“The course we follow is not of our own making. The plan of salvation, the great plan of happiness, was revealed to us, and the prophets and Apostles continue to receive revelation as the Church and its members stand in need of more” (in Conference Report, Apr. 1994, 24–25; or Ensign, May 1994, 20).

2. The record of Zeniff recounts a brief history of Zeniff’s people.

Read and discuss selected verses from Mosiah 9–10. Explain that chapters Mosiah 9–22 of the book of Mosiah contain a history of the people who left Zarahemla to return to the land of Nephi. The history begins with the account of Zeniff, Limhi’s grandfather.

  • Zeniff was a member of a group of Nephites who wanted to regain from the Lamanites some of the land of Nephi (Mosiah 9:1). What was the Lamanites’ attitude toward the Nephites? (See Mosiah 10:11–17. They were “wroth” because they felt that Laman and Lemuel, their ancestors, had been “wronged by their brethren.” Because of this, they taught their children to hate the Nephites.) How do the traditions of the past sometimes stir people up to hatred? (You may want to invite class members to share examples of similar situations in communities, nations, or the world.) Why are such traditions perpetuated?

  • What can we learn from Zeniff about overcoming feelings of hatred? (See Mosiah 9:1. Zeniff was sent as a spy to determine how to destroy the Lamanites. However, when he saw “that which was good” among the Lamanites, he no longer wanted to destroy them.) What can we do to honestly see the good in others?

  • What mistake did Zeniff make in his efforts to “inherit the land of [his] fathers”? (See Mosiah 7:21–22; 9:3.) What were the results of Zeniff’s over-zealousness? (See Mosiah 9:3–12; 10:18.) What are some dangers of being overzealous, even in a good cause? How can we be zealous in the Lord’s work without being overzealous?

  • In their determination to obtain a part of the land of Nephi, Zeniff and his people “were slow to remember the Lord [their] God” (Mosiah 9:3). What finally led them to turn to the Lord? (See Mosiah 9:13–17.) How were they blessed when they remembered the Lord and prayed for deliverance? (See Mosiah 9:18; 10:19–21.) As members of the Church, we have made a covenant to “always remember” the Lord (D&C 20:77, 79). What are some things we can do that can help us keep this covenant?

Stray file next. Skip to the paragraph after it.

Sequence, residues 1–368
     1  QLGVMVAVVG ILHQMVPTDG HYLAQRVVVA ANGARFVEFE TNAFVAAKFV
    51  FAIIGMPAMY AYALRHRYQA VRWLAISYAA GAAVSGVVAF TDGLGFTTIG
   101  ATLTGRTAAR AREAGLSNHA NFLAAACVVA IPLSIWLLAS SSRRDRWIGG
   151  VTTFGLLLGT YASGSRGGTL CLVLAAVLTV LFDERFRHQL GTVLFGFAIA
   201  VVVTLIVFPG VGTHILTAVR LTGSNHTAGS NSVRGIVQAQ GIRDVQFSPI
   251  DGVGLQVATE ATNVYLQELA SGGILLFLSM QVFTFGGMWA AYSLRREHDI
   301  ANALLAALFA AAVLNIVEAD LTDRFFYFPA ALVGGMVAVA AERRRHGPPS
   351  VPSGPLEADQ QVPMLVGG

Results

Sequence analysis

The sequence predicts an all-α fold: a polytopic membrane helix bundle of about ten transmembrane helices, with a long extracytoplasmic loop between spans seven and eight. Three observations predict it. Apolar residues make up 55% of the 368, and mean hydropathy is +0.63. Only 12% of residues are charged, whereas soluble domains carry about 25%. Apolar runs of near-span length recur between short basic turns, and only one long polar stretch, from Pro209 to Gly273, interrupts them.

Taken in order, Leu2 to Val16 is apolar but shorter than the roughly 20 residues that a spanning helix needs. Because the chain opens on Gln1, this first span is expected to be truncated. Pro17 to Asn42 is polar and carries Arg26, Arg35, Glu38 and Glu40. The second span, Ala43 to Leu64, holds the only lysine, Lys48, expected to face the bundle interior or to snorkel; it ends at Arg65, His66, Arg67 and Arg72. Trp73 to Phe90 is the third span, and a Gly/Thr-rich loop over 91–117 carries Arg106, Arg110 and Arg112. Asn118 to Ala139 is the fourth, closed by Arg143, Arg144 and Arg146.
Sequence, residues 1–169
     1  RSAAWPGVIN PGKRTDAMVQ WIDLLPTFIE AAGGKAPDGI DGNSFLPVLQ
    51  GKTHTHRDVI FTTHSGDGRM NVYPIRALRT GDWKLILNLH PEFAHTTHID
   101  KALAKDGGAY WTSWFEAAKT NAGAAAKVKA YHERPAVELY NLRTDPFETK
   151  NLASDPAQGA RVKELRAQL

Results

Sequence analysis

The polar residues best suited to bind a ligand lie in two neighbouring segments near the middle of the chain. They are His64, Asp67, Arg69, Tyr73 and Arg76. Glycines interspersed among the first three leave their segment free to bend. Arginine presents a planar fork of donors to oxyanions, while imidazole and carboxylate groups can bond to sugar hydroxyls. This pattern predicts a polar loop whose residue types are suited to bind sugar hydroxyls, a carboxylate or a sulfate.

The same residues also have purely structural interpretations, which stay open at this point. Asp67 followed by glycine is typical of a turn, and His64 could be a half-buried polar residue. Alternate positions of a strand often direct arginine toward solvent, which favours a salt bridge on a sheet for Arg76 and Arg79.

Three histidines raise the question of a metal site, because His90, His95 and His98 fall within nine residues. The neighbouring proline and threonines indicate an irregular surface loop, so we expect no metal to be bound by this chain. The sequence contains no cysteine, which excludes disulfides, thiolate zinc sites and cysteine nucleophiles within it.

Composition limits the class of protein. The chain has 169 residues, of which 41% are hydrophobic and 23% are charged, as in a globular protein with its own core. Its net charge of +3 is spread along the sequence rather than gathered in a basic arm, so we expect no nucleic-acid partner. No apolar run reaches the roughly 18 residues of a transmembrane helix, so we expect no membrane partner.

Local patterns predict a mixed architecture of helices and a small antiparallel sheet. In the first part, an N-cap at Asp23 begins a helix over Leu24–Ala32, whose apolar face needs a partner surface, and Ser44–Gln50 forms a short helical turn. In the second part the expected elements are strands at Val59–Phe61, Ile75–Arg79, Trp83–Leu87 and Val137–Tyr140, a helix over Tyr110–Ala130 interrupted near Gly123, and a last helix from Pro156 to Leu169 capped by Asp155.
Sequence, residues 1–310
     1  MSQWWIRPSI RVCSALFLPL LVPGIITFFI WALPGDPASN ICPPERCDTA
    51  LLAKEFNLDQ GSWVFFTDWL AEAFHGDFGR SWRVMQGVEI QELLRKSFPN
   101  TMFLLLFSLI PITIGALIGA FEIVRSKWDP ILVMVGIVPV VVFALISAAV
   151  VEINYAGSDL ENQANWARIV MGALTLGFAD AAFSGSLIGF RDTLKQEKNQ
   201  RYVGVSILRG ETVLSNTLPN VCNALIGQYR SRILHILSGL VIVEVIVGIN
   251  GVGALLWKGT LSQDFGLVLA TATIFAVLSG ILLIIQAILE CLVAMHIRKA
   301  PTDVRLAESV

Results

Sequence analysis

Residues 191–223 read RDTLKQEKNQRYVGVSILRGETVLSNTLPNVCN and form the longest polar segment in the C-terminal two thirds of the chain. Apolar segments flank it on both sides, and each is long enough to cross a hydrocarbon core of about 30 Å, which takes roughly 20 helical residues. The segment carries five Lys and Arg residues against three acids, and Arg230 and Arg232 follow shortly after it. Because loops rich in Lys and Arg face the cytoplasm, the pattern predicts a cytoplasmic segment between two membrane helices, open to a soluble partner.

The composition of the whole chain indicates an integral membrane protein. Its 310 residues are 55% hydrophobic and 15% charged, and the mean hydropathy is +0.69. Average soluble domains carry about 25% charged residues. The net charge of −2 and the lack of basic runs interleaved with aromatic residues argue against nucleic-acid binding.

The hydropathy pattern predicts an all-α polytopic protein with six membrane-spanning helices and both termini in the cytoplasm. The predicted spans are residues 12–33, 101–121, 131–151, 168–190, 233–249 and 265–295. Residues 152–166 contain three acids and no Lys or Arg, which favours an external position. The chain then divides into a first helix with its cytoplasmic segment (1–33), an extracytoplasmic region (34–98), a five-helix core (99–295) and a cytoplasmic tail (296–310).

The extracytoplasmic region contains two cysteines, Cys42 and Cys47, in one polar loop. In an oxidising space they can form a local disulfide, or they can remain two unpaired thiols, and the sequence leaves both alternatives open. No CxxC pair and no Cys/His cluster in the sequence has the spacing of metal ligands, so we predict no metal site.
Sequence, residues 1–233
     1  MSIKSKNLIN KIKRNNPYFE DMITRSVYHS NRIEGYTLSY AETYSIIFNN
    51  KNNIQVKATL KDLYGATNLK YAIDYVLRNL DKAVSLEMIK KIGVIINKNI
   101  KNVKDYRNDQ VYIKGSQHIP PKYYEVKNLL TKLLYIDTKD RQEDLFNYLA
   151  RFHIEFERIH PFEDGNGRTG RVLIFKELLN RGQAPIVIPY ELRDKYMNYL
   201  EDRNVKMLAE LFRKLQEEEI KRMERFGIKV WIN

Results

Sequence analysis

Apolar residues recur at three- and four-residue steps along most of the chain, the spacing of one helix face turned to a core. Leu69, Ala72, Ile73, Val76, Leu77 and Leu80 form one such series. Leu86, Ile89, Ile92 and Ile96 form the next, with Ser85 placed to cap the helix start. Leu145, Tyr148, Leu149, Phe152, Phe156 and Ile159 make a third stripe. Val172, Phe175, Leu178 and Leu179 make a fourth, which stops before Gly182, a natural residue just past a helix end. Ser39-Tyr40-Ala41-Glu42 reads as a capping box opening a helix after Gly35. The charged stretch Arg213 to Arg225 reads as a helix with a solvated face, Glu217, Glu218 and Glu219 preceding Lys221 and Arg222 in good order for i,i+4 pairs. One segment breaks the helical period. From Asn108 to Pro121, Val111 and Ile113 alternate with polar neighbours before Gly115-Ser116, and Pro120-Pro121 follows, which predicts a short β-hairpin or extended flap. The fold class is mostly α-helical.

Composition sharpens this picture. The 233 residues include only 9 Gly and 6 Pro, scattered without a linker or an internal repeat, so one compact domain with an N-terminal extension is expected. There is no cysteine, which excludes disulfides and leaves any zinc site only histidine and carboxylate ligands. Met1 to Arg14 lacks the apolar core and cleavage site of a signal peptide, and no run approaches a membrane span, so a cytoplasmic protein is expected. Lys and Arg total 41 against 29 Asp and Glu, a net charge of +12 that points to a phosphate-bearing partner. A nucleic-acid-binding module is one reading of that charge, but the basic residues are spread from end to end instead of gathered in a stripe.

3. Abinadi warns the people, but they are blind to Noah’s wickedness.

Read and discuss selected verses from Mosiah 11.

  • Who became king after Zeniff? (See Mosiah 11:1.) What kind of a ruler was Noah? (See Mosiah 11:1–19. You may want to list on the chalkboard some of the ways Noah “[walked] after the desires of his own heart” and “changed the affairs of the kingdom.”)

  • How did Noah influence the lives of his people? (See Mosiah 11:2, 5–7.) How did the people and Noah share the responsibility for their sinfulness?

  • The Lord sent the prophet Abinadi to call Noah and his people to repentance (Mosiah 11:20). What warnings did the Lord give through Abinadi? (See Mosiah 11:20–25. You may want to discuss how Abinadi fulfilled the role of a seer, as discussed earlier in the lesson.)

  • How did Noah and his people respond to Abinadi’s warnings? (See Mosiah 11:26–28; see also Mosiah 12:13–15.) Why were the people angry with Abinadi and not with Noah, who had taxed them and caused them to support him in his iniquity? (See Mosiah 11:7, 29.)

  • Why do some people today reject servants of the Lord, like Abinadi, in favor of people like Noah? Why is it important to recognize and follow prophets of God? (See Mosiah 8:16–18; D&C 1:38; 84:36–38.)


Encourage class members to follow the counsel of righteous leaders, particularly those whom the Lord has called as prophets, seers, and revelators.

As directed by the Spirit, testify of the truths discussed during the lesson.